Computers & Security, 17 (1998) 564-574
Security Views Dr. Bill Hancock, CISSP
Windows-98, RIP and My Adrenaline Rush
As some of you are aware, I have been an avid student of the martial arts since age 4. I did rather well in competition in the 70s and 80s at very large, interna- tional tournaments. Its come in quite handy on a couple of unfortunate times, but has always been part of my life and has been there for me when I needed it most.
What does this have to do with anything? Well, I still get an adrenaline rush when I step into a tournament ring - even if I am just one of the other old fossils who judge the efforts of the younger and more agile. Of course, us old fossils have a saying:
Youth md exuberance does riot stand a clzance against age arld deceit.. .
But, martial arts tournaments give me an adrenaline rush. Probably always will.
Of course, other things do as well. One is when I come to a realization of how nasty a security problem some feature or another is in an operating system that I am fooling around with. With that, I recently had a small one that grew in scope when I put two-and-two together and came up with a much larger number.
After recently purchasing a new Pentium II with all
the bells and whistles on it, it came pre-installed with the standard, buggy release of Windows-98. As the proper geek that I am, once I was happy that every- thing was working, I parked myself on the Microsoft Windows-98 CD-ROM that came with my system and started looking into items that are optional installs such as theValuPack and other goodies that are on the CD-ROM.
Whilst browsing the CD-ROM, I discovered that an install existed for Routing Information Protocol (RIP).This was a bit of a surprise as making a desktop system a router is not always a good idea for lots of network control reasons and even more security reasons. But, being curious as to whether it worked or not, I installed it and started playing with it.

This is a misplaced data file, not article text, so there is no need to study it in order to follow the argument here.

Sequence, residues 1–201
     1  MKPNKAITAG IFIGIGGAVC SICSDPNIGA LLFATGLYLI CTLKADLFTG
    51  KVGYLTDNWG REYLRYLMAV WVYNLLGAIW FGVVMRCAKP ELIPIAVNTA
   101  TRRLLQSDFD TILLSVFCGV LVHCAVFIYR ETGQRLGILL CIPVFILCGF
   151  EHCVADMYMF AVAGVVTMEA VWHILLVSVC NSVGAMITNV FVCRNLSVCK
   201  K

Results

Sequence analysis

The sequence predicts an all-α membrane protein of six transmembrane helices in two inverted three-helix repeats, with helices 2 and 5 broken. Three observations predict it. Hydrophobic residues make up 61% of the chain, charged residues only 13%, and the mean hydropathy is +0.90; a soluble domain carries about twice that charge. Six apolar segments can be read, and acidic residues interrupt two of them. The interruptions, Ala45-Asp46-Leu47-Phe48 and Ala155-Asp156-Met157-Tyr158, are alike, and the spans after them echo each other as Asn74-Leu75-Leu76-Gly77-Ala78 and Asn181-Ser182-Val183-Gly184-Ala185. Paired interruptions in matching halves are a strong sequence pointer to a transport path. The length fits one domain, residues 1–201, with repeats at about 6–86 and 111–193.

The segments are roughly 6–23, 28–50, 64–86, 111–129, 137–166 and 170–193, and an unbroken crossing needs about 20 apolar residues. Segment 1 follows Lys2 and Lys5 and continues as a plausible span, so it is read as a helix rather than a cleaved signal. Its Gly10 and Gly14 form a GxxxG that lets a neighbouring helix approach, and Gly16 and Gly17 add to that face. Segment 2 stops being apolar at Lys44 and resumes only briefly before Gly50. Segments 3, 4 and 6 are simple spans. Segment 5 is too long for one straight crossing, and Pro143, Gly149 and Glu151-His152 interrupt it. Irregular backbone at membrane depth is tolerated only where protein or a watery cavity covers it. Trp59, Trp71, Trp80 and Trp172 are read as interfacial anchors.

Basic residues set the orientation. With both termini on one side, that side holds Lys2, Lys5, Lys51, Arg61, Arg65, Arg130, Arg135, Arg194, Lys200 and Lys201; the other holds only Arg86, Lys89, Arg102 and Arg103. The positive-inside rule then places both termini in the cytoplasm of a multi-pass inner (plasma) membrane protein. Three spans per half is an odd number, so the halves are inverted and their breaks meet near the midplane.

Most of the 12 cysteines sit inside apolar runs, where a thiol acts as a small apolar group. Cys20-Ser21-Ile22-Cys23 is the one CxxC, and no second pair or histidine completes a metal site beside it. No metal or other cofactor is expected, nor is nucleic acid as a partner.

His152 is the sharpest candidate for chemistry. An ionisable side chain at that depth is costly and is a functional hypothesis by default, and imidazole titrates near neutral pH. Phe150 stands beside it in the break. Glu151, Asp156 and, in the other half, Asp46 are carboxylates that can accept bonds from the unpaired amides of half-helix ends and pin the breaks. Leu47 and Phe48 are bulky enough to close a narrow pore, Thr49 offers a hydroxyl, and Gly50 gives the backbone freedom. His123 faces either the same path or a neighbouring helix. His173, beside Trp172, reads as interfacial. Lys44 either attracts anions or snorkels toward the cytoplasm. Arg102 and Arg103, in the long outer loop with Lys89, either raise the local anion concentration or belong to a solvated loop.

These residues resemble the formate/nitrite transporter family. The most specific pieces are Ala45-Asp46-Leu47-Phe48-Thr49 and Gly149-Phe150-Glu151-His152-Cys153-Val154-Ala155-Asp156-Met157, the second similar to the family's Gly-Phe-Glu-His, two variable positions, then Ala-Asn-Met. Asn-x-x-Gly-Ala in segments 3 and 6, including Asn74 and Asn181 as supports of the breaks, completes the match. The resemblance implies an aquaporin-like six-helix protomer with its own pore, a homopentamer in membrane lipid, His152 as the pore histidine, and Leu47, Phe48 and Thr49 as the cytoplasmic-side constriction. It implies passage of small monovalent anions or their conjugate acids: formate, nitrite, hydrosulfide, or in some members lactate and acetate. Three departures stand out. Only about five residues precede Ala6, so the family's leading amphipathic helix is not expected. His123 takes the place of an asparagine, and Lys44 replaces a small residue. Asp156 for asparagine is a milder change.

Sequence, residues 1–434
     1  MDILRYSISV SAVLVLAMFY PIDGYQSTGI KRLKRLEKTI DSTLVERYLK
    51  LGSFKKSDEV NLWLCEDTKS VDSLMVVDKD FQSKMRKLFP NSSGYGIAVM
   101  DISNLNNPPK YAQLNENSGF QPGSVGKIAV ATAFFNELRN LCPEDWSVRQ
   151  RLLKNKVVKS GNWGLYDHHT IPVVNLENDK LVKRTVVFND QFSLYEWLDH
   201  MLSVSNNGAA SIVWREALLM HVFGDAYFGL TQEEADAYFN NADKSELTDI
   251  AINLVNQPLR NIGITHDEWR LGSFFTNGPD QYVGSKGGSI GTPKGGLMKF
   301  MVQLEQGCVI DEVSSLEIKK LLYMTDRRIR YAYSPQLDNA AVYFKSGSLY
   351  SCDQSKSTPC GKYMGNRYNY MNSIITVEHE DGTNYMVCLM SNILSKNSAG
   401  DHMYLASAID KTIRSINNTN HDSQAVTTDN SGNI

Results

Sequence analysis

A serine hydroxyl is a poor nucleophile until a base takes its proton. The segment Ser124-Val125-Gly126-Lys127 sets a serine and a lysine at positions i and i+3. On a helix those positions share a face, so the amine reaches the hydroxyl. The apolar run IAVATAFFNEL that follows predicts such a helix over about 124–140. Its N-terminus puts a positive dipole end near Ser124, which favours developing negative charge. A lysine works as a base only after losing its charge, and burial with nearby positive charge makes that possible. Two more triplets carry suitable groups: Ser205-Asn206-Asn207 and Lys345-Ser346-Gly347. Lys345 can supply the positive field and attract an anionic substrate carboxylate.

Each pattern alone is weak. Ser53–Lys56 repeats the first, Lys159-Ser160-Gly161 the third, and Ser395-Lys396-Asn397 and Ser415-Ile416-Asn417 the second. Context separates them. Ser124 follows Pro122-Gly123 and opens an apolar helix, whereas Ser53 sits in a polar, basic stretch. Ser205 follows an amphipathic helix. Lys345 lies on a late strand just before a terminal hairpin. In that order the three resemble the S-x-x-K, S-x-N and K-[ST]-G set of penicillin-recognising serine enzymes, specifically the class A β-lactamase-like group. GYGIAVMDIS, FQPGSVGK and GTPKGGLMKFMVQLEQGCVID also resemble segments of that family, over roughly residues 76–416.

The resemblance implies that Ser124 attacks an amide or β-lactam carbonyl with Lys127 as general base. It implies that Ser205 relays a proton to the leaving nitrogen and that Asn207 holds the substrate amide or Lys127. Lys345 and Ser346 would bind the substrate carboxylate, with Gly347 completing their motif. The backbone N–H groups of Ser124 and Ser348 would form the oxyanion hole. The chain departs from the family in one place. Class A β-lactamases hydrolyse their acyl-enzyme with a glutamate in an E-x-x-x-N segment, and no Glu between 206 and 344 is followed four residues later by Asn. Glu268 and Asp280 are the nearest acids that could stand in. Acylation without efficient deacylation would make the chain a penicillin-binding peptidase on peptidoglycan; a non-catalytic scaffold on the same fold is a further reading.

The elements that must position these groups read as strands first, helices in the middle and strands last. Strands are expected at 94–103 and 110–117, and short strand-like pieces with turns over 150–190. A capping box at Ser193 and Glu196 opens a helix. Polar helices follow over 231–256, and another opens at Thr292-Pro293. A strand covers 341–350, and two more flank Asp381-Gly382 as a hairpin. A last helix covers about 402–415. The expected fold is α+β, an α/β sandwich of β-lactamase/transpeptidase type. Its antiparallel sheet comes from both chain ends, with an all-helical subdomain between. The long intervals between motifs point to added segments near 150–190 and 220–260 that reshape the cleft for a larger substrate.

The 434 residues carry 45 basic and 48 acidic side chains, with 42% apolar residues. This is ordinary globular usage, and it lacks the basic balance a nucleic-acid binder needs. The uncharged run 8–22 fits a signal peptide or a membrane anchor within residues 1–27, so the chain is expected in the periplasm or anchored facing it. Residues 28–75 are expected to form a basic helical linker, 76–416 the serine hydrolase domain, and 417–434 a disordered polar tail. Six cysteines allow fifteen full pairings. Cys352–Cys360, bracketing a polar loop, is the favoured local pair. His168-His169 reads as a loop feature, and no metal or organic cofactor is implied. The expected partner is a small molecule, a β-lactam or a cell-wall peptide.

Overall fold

I was quite successful in getting an ISP connection via modem with PPP to route properly to an Ethernet/802.3 connection on the system itself. This meant that I could dial up an ISP and allow other nodes on my constructed testing LAN to communi- cate with the ISP and, therefore, the Internet. A little further extrapolation caused the revelation that any laptop running W98 with the optional RIP installed would allow the laptop to back door connect the laptop to the ISP on the modem side and the laptop to the corporate LAN on the Ethernet side of the connection. Hence an adrenaline rush - a secu- rity problem, and a pretty serious one, waiting to happen.
564 0167-4048/98$19.00 0 1998 Elsevier Science Ltd. All rights reserved
Computers & Security, Vol. 17, No. 7
For example, one of my customers has a site with 2000 telephone handsets on the property. They also have over 950 analogue lines. Of those 950 analogue lines, over 700 are modem connection lines for desktop systems as the users got sick and tired of getting the IS department to help them connect out to the world. Using RIP with a W98 upgrade would now allow these users to connect out to the world and also route information from the local network to the Internet and vice-versa.